I’m very grateful that the transitioning period of the past couple of years has turned out well after all, and that my four decades of life and creative making has shaped into such a fulfilling way of working. I’m grateful for all the incredible individuals who get in contact with me, who often tell me their own crystal stories, and who resonate with the crystals that come to them via my art studio. And the more I concentrate on pinpointing what I’m grateful for, the more the list seems to grow – I could just keep on going now! I’m grateful for a friend who had the courage to step onto a new creative path, as that also made my own inner whispers to that direction more audible. Also, every single day when the sun shines is an incredibly uplifting feeling for me. Having moved from a country where the sun “always” shines back to one where you’re lucky if it does, I certainly do appreciate it. Not that I mind rain, but really, to see the sun’s rays never ever fails to make me happy.
5. Are you preparing something at the moment that will soon get out there in the world - something you already want to share?
It feels like I’m always short of time to develop ideas into physical objects at the pace I’d like to. So many new thoughts remain at the stage of inspiration in my mind for way longer than I’d like them to. I’ve had a range of stone talisman pendants in mind for the past two years already, something that I nurture and enjoy at the level of an idea, to the point that it even seems scary to attempt to make them in case reality would turn out to be less than the idea I’ve built up in my mind. But I’m all the time preparing something, trying out and testing material combinations and making new discoveries. I do intend to concentrate more on the very organic, ecological pendants that I’ve recently been making. Incorporating eco-plant dyeing methods, naturals silks, cotton lace and linen into my jewellery range. This relates to the crystal healing aspect of my work, strengthening my offering to Reiki therapists, healers and those individuals who prefer their jewellery without any metals for example.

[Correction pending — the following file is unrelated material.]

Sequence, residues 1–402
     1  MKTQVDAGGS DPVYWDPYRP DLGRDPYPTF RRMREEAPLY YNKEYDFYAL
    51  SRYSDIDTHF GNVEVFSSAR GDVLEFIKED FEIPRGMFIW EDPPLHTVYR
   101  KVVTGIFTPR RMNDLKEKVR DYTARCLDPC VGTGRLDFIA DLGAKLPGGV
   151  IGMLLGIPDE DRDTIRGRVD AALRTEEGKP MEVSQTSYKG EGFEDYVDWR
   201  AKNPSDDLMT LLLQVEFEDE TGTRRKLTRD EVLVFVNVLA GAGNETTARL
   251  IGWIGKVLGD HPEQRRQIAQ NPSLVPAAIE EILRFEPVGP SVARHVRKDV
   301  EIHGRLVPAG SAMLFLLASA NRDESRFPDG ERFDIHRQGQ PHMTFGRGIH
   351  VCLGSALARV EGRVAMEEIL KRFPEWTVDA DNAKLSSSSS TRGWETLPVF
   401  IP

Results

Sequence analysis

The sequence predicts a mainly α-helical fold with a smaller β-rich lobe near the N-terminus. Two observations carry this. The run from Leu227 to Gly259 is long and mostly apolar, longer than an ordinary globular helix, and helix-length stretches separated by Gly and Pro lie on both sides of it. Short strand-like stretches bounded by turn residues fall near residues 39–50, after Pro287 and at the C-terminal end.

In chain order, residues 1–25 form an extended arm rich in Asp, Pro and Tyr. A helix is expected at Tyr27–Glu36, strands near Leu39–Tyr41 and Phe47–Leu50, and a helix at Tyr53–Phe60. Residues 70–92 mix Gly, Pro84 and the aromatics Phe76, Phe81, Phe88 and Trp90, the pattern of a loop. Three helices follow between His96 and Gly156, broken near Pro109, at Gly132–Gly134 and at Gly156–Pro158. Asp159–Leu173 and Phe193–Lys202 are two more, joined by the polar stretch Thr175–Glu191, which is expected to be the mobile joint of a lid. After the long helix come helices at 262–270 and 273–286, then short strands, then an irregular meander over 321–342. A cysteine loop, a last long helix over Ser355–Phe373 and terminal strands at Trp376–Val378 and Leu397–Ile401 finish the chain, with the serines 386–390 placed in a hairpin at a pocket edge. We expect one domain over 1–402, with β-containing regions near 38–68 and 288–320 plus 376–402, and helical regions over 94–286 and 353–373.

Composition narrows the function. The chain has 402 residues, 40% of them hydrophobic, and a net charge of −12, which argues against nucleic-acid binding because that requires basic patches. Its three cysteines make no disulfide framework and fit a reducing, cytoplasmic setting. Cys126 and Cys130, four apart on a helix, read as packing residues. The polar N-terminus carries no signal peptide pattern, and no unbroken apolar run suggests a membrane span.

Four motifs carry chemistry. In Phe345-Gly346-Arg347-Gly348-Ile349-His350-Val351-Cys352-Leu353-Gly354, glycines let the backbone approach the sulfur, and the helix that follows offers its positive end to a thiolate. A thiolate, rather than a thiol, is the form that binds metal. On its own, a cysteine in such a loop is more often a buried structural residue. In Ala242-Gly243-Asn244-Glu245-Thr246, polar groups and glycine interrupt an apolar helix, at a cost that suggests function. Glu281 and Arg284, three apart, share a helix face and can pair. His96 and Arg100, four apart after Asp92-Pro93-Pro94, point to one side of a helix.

6. Who is your hero, source of inspiration or idol?
Just last week I read a great definition of what a hero is. In Christopher Reeve’s words “A hero is an ordinary individual who finds the strength to persevere and endure in spite of overwhelming obstacles.” I’m incredibly inspired by a multitude of artists, who keep showing up in their studio, keep on making thoughtful work that’s important to them, and bring more beauty into the world. The natural world is always an endless source of inspiration for me, and especially the rugged seascapes of my native Finland where I try to return to recharge my creative batteries once a year.
7. Do you have other things you're passionate about, next to your work?
When I still worked as a bookbinder and was asked this, my eyes would lit up and I’d say: ”Crystals!” Now I work with crystals and still find it difficult to think of any other answer! Although, earlier this year I did come across something that has turned into a bit of a passion too. I attended a marvellous eco plant dyeing workshop taught by the textile artist India Flint. Bundling up silks and cottons to be magically transformed in the dye bath has become quite addictive to me since! I would also passionately want to live by the sea again, having grown up by one. If that dream turns into reality one day, then I’ll be passionately beach-combing for the rest of my life.
This interview was originally published on my website on 26th November 2012.